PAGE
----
FARMINGTON — Juvenile methamphetamine arrests are rare in San Juan County, and organizers of an anti-methamphetamine campaign directed at fifth graders say that's evidence their program is working.
In the last three years, just two people younger than 18 years old have been charged with possession of meth, according to records from the San Juan County District Attorney's Office.
Paul McQuery, the president of the Don't Meth With Us Foundation, said there are few juvenile meth arrests because all local students attend a Don't Meth With Us program as fifth graders. The curriculum they learn during the program stays with them, McQuery said.
Organizers started offering the program in San Juan County school districts in 2006. That means that this year, students in fifth through 12th grades will have gone through the program.
"We have to reach them before they enter middle school," McQuery said of the reason the program is aimed at fifth graders.
San Juan County students in the last 10 years have reported on state surveys a significant decrease in meth use. In 2003, 10 percent of high school girls and 12 percent of high school boys reported using meth. In 2013, 2.3 percent of high school students in San Juan County reported they used meth, according to youth risk and resiliency reports.
Methamphetamine charges in juvenile court have decreased in the last five years, according to data provided by the district attorney's office. In 2008 and 2009, three juveniles were charged with meth possession. In 2010, no juveniles were charged with possession of the drug. There was one arrest in 2011 and 2012, and there were no arrests in 2013, according to district attorney's records.
During a Don't Meth With Us program at Ladera Del Norte Elementary School on Thursday, fifth graders got about a 40-minute crash course on methamphetamine, and, at the end, they pledged to never try it.
Allen Elmore, a volunteer for the program, led the seminar. He went over the ingredients found in meth and statistics on how likely first-time users are to become addicted. He also showed students mug shots of meth addicts with open wounds and sores on their mouths, which made the fifth graders cringe in disgust.
"Meth is so nasty. It's so bad that we can tell the truth about it," McQuery said. "It gives us the power and the reason to be here and tell the truth. And then close with 'Why do any drugs?'"
McQuery said the meth program is different than other anti-drug campaigns because it doesn't overexaggerate the problems with drugs.
"The only bad thing we say about marijuana is that it puts you on the wrong path," McQuery said.
While juvenile arrests for meth are rare, officials said drug and alcohol use among teenagers is a significant program.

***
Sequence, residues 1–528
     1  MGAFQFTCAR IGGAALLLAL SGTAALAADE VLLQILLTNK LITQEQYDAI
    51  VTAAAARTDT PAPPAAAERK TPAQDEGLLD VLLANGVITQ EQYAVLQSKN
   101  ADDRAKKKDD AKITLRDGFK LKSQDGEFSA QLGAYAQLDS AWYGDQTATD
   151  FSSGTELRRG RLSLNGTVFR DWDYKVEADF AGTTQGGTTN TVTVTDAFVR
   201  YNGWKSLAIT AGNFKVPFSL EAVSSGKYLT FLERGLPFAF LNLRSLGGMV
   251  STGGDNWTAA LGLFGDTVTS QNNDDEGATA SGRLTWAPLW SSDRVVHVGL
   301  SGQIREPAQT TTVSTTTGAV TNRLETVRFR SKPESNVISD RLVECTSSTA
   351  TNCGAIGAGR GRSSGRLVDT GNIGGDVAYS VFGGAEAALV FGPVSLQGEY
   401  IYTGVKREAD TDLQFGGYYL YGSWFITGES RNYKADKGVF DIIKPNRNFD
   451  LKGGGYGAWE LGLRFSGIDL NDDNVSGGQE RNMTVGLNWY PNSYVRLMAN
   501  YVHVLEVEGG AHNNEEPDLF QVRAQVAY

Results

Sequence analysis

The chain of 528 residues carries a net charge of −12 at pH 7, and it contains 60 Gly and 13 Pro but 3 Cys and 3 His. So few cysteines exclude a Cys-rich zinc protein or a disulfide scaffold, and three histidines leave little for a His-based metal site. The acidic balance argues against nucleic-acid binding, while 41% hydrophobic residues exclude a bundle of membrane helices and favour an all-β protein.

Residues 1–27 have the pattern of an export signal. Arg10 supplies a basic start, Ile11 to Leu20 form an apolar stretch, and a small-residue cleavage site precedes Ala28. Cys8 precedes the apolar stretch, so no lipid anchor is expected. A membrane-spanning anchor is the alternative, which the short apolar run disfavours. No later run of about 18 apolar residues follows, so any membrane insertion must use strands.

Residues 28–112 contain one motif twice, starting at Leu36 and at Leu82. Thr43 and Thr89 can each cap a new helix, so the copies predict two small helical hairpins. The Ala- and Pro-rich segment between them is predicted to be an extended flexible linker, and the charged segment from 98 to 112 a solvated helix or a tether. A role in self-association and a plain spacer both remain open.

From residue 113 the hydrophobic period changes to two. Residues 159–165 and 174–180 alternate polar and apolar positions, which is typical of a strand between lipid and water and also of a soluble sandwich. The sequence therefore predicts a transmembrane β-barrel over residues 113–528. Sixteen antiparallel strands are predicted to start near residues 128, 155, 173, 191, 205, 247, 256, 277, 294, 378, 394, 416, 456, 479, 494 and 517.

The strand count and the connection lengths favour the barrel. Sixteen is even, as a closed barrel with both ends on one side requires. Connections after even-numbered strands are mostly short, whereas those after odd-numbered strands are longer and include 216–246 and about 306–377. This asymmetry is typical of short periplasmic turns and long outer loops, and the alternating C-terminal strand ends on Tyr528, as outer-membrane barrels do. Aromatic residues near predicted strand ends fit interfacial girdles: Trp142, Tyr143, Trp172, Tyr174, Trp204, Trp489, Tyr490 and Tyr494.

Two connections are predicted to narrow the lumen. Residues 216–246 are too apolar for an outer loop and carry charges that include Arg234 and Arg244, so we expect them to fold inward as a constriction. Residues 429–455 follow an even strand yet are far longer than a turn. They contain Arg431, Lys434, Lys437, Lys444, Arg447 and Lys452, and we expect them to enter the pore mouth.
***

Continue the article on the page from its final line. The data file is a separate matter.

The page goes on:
Juvenile arrests for prescription drug possession have increased in recent years in San Juan County. There were no juveniles charged in 2008. Four were charged in 2009, five in 2010, 10 in 2011, five in 2012 and two in 2013, according to district attorney's office records.
Marijuana is by far the most frequently prosecuted drug offense against juveniles. There were 37 marijuana charges against juveniles in 2013, 34 in 2012 and 41 in 2011, according to district attorney's office records.
San Juan County Chief Deputy District Attorney Dustin O'Brien said more juveniles were arrested for marijuana than those numbers indicate, but their cases were handled informally. In some juvenile cases, law enforcement officials allow the children arrested for marijuana possession to complete probation or other alternative sentences, and, in exchange for their compliance, they are not officially charged with crimes, he said.
Traci Neff, the administrator of San Juan County Juvenile Services, reiterated that while meth use among juveniles is rare, drug and alcohol abuse among teenagers is still a problem statewide and in San Juan County.
Neff said education programs about the dangers of meth have deterred juveniles from using the drug.
"You ask a kid about meth, and they say, 'Oh no, I'm not going to touch the stuff'," Neff said.
Neff said juveniles who are in custody answer questions about their drug use history before they are brought into the juvenile detention center. Rarely do the juveniles say they have tried meth, but they do report using alcohol and other drugs, she said.
Ryan Boetel covers crime for The Daily Times. He can be reached at 505-564-4644 and email@example.com. Follow him on Twitter @rboetel on Twitter.